I’ll set up the cycling bucket tomorrow. Tonight I’m setting up the five gallon as the fresh water tank. Would you believe it’s as long as the forty gallon is wide? It fit’s perfectly at the end of the coffee table. My dog thinks I’ve just given him a giant water bowl

  8. Venus Goldfish Master May 10, 2019 at 6:41 am

    For now, add the second pump to the fish house to double the action. The two pumps together should have the gases dispersed within a few hours. Should have recommended this previously, but not everyone has high levels of SSG. This is a great reason to set up the old tank for freshwater. You could use your old filter

  9. JimBean96 May 10, 2019 at 6:28 am

    New tank is set up, and pump is running. This morning I was all set to move the fish, and I see the glass is covered in those tiny bubbles much to my surprise. Should I wait before moving the fish? How long will it take for the bubbles to go away?

  10. Venus Goldfish Master May 9, 2019 at 7:20 pm

    Wow…the fish will think they’ve died and gone to heaven. You don’t mess around do you Jim

    Yes. I think it would be fine to fill the new tank up with freshwater, but I might fill the tank up, install a pump, and let it turn the freshwater over for the night to eliminate supersaturated gases before you add the fish. Read this article

    With such a big tank, it will be more difficult to collect waste. Use the gravel vacuum twice a day, and rinse the pump sponge twice a day in the waste water you collect

    Pour the waste water into the five gallon bucket, but fill it only half way for now. Add the pond pump, and plug it in. You’ll have to use your judgement on how high the volume should be set. You’ll get a lot of action from a 220 in the bucket, so maybe half way. This pump will need a sponge as well to keep the pump clear. Rinse it daily in the bucket water

    You might place a brick or rock under the pump to raise it off the floor. This way the waste will settle to the bottom, and may not bog the pump down quite as much. Watch the action of the pump, and if it slows, rinse the pump, turn the volume up for a moment to clear it out

    The more waste you can collect from the fish house the better. Test fish house daily for ammonia. Perform a water change if levels get close to 1.ppm

    Add one dose of Prime to freshwater daily

    Sitting on the floor, the bucket water shouldn’t get too warm; room temperature is good; 70 to 74f

    Don’t cover the bucket, and if possible don’t place in bright light. Friendly bugs reproduce in darkness

    Use one half of the Aloe tonic tomorrow, and the other half the next day. Check the fish for rapid gill movement, which may indicate the gills have become inflamed

    As for the coffee table, you’ll have to be the judge. Sit on it. Does it feel strong? An aquarium is considered as a dead load, which isn’t too big of a risk for most furniture

    Good luck and keep us posted

  11. JimBean96 May 9, 2019 at 2:14 pm

    I couldn’t wait for pumps to arrive, so I bought a couple of pumps locally at Home Depot. They had a really good selection. I got two 220 gph. The smaller pumps didn’t have cups over the intake. I ordered sea sponges, but went ahead and bought regular filter sponges at the pet shop to use until they arrive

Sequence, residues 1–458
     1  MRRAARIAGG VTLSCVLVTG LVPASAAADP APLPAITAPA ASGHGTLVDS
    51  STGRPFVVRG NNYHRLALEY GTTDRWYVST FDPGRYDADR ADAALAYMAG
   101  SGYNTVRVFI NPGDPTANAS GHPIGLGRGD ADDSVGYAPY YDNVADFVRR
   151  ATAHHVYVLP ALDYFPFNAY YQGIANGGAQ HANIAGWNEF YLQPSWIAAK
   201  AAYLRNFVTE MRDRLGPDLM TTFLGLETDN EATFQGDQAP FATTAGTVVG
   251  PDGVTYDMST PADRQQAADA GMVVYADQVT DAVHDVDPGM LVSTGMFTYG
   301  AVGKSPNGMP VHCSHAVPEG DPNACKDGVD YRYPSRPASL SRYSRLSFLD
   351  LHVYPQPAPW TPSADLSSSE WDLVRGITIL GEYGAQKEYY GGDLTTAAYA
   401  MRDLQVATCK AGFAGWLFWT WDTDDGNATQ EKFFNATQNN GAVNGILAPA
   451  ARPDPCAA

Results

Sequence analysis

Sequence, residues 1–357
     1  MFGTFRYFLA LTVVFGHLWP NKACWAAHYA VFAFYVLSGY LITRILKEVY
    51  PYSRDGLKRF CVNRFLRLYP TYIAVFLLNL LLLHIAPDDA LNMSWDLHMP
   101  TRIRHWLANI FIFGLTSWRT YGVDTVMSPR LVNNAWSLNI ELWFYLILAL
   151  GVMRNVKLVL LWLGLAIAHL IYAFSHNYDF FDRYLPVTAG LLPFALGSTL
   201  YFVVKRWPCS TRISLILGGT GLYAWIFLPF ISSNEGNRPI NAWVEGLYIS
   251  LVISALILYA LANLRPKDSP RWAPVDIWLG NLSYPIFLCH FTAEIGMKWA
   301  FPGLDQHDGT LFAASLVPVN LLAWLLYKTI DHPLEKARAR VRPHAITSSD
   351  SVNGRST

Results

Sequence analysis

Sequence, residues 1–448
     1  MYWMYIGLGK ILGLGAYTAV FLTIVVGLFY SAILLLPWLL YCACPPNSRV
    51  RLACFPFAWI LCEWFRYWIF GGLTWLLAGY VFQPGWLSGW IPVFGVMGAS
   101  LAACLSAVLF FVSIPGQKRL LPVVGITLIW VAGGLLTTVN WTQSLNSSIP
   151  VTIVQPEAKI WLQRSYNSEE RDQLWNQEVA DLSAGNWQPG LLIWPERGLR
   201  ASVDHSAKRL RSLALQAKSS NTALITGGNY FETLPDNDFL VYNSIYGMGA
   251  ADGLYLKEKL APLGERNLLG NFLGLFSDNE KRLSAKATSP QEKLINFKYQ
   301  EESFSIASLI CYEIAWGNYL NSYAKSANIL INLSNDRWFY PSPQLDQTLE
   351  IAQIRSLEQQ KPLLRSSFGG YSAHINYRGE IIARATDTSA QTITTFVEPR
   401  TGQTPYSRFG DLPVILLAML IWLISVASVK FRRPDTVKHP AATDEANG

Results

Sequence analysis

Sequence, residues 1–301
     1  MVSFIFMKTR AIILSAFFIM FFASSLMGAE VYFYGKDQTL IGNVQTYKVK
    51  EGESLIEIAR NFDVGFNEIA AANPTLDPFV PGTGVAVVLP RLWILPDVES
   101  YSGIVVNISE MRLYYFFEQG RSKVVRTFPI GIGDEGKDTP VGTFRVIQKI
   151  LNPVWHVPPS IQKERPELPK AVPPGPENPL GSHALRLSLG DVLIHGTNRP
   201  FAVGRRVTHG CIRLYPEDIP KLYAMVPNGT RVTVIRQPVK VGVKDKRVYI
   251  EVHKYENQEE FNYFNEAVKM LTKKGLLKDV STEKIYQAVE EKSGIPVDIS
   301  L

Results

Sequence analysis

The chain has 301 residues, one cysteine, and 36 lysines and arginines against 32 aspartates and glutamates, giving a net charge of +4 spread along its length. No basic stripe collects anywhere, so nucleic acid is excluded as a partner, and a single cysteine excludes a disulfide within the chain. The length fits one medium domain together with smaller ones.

Now comes the daunting task of moving the fish into the new aquarium

    Should I worry about the weight of the aquarium? I was thinking of setting it up a coffee table. It’s fairly solid. Will this work?

    Since I don’t have a cycle, is there any reason to save the fish water from the old aquarium? Which I may follow Cricket’s plan of using it as a fresh water tank. It’s all very exciting

    The fish seem to be doing okay, but not really themselves. The came, but I’m going to wait to use in the new aquarium. I’m moving this tonight

    Thanks again everyone

  12. JimBean96 May 8, 2019 at 12:43 pm

    My stomach actually flipped when I read Crickets comment. The idea of my fish getting up to a foot long makes me feel like a kid at Christmas. I’ve never been so excited. I bought a 40 gallon long on sale. Is that big enough Cricket? It’s really long, so I’m was thinking of getting three of the 100 gph pond pumps. Will that work okay?

    Venus, as soon as the pumps arrive, I’m up for cycling one of the pumps in a bucket, which I have on hand

    Thanks everyone, and thanks for the encouragement catlady. Right back at ya

    • Cricket May 8, 2019 at 8:59 pm

      A 40 is big enough for now. If they get to big for it you can always find a larger one. Shubunkins are very hardy and do well in ponds, so that’s something to keep in the back of your mind.

      For your 40, you’ll want two 200 gph pumps. Place one on one end and one on the other end. Oh I see now, you’re thinking of putting one 100 in a bucket for the semi cycle and 3 in the tank, is that right? I’ll let Venus weigh in on this, but I think in that case you’d want to put two of your pumps in the semi bucket. your cycle won’t be strong enough with just one in the bucket. If you could use a larger tub you might get away with putting one 200 gph in the tub and one in the tank. Fewer pumps are easier to clean than more pumps. I haven’t tried a pump that large in the semi cycle container, but venus will know if it will work. It would help to have a pump you can turn down the volume on.